Update: I was contacted by Michael from AutoCrit with a workaround to the strange line break issue. It seems it's only a problem when you paste from Word directly into the text window. If you use AutoCrit's "Paste" link or upload your file instead, the line breaks shouldn't be added when you run a report.
In my case, however, I had another issue where paragraph indentations were stripped out when using those two options, before running a report. But that probably won't be as confusing or as difficult to change when you export your edits.
2. Suggestion: Make AutoCrit more nonfiction-friendly as well.
I understand that AutoCrit is for writers of fiction. But many authors also write nonfiction these days, even if it's only for their own blog posts.
AutoCrit can already help nonfiction writers out a great deal, so it seems silly to me not to market the tool to them. As of now, the only report sections that don't equally apply to nonfiction writers are the Dialogue section and the "Compare to Fiction" tool.
AutoCrit has the potential to be a great all-in-one self-editing tool for an ever-growing group of crossover writers who take on both fiction and nonfiction projects. A simple start would involve letting writers check a box to say whether they're currently editing fiction or nonfiction, removing the two fiction-specific sections for nonfiction writers.
That alone would make it more marketable to nonfiction writers, while leaving room for later nonfiction editing enhancements, like AP style guideline suggestions for news pieces or "scannability" reports for bloggers (making sure you break up posts with headlines and lists).
3. Suggestion: Offer monthly pricing options.
Right now, the only pricing options for an AutoCrit membership involve yearly payments. That's fine for authors on a regular revision schedule where they're always revising one project or another. But I'm going to make an educated guess here and say most authors aren't likely to fit into that group.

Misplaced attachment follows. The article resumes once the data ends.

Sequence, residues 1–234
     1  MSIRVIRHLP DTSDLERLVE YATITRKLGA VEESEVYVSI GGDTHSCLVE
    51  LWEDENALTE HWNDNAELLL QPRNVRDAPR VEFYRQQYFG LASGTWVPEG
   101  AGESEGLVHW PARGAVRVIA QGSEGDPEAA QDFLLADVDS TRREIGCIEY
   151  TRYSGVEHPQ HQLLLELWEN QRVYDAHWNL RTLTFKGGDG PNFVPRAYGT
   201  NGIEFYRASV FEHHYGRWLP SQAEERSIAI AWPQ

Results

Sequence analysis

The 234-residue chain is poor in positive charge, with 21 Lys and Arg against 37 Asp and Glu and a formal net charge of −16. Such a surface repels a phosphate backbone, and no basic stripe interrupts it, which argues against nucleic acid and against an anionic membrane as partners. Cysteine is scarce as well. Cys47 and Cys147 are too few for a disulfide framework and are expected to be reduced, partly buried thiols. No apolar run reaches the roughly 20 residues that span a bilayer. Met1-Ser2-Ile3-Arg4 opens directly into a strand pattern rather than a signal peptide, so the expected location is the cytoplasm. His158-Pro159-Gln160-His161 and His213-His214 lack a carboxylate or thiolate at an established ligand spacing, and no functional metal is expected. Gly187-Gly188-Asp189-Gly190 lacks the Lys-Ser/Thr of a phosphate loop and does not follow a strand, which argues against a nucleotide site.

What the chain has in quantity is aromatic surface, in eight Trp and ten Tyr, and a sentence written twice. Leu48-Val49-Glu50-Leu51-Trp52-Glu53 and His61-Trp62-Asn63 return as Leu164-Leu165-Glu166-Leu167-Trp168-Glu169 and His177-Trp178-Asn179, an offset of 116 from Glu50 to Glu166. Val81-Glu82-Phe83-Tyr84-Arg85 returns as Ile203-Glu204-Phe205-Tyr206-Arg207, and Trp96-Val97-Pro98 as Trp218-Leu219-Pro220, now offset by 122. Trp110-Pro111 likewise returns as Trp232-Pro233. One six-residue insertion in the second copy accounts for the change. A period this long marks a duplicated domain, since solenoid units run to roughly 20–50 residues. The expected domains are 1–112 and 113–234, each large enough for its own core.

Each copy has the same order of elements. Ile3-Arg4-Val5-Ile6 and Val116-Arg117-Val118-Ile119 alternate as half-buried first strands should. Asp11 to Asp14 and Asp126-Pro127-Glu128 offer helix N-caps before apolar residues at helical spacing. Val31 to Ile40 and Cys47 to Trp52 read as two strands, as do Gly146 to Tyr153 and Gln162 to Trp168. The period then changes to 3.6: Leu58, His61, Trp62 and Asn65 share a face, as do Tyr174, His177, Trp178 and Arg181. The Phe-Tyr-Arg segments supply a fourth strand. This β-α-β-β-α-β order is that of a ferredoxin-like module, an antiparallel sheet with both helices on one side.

Some authors only write and revise one manuscript per year. They might only need access to AutoCrit for a few months. Others write short stories and novellas where they might need the revision help during more sporadic intervals. And then there are first-time authors who might not feel comfortable committing to a tool like this over the long haul. They're still trying to figure out their process.
While this suggestion would benefit those groups of writers, it comes more from my marketing and PR background as a suggestion in the company's interest. It seems that, right now, the AutoCrit folks might be pricing themselves out some fairly large author markets by requiring a yearly commitment.
That said, the pricing is certainly fair. You can choose from three different levels, ranging from $60 per year to $144 per year. The biggest difference is how many words you can run through AutoCrit at a time-- 1000, 8000, or an unlimited number. Here's a screenshot of their pricing chart to give you a better idea of the differences:
While there's plenty of room to improve AutoCrit, it's a great tool. I can't see how it wouldn't help most indie authors, as well as some freelance writers and bloggers if you avoid the fiction-specific reports. The cost is reasonable. It's easy to use. And it forces you to look at your work with fresh eyes by highlighting some of the problem areas you might miss because you know what you meant to say.
That said, understand that AutoCrit isn't a substitute for working with a professional editor. No author is the best editor for their own writing. Neither is a tool like this. But it can help you push through the self-editing process to catch common problems before you send your manuscript off to your editor.
What about you? Have you used AutoCrit? Love it? Hate it? Something in between? Share your thoughts with me in the comments.